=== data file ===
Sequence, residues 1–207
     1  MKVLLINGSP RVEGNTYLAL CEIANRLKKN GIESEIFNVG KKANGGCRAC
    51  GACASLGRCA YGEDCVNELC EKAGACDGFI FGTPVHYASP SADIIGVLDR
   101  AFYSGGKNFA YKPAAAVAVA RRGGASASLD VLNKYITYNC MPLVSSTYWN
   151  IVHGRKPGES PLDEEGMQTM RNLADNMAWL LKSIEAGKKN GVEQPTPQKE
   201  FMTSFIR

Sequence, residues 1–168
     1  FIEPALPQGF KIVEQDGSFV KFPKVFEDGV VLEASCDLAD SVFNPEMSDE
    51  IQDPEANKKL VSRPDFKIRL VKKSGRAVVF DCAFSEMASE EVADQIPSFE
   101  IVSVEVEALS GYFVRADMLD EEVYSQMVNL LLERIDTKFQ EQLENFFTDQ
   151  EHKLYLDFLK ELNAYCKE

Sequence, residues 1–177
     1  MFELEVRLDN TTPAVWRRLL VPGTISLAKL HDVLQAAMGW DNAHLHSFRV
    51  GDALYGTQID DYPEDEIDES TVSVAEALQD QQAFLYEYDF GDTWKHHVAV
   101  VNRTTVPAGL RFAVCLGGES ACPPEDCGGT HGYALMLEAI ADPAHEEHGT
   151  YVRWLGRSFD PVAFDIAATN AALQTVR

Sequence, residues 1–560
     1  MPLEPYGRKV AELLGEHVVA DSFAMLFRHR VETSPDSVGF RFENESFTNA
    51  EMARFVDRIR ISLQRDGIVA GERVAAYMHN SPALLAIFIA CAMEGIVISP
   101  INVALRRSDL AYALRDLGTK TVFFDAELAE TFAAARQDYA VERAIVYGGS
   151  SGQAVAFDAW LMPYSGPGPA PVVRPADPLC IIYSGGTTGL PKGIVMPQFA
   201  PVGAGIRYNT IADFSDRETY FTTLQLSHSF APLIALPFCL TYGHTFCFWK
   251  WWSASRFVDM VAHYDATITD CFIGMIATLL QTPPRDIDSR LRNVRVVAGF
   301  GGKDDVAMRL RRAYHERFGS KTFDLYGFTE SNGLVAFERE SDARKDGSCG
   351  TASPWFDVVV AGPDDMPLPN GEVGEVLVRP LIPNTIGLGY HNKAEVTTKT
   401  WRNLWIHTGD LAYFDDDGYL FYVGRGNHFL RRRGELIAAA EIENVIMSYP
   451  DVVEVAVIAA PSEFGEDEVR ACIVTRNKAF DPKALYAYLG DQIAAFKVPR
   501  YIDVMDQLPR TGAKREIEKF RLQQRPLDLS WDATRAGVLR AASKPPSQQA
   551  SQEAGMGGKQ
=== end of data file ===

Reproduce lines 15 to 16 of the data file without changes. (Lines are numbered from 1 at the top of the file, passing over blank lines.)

   101  VNRTTVPAGL RFAVCLGGES ACPPEDCGGT HGYALMLEAI ADPAHEEHGT
   151  YVRWLGRSFD PVAFDIAATN AALQTVR